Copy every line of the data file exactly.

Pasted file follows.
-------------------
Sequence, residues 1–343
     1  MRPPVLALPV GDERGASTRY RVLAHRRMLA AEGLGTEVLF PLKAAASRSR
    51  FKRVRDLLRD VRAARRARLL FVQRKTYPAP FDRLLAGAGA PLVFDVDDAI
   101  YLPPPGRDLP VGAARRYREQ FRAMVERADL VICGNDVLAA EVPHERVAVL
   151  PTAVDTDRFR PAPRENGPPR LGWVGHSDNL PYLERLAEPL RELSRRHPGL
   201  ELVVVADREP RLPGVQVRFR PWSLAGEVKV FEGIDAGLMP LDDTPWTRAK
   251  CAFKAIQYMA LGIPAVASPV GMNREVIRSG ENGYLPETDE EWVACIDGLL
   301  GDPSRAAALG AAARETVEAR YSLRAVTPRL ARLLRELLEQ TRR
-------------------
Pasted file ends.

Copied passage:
Sequence, residues 1–343
     1  MRPPVLALPV GDERGASTRY RVLAHRRMLA AEGLGTEVLF PLKAAASRSR
    51  FKRVRDLLRD VRAARRARLL FVQRKTYPAP FDRLLAGAGA PLVFDVDDAI
   101  YLPPPGRDLP VGAARRYREQ FRAMVERADL VICGNDVLAA EVPHERVAVL
   151  PTAVDTDRFR PAPRENGPPR LGWVGHSDNL PYLERLAEPL RELSRRHPGL
   201  ELVVVADREP RLPGVQVRFR PWSLAGEVKV FEGIDAGLMP LDDTPWTRAK
   251  CAFKAIQYMA LGIPAVASPV GMNREVIRSG ENGYLPETDE EWVACIDGLL
   301  GDPSRAAALG AAARETVEAR YSLRAVTPRL ARLLRELLEQ TRR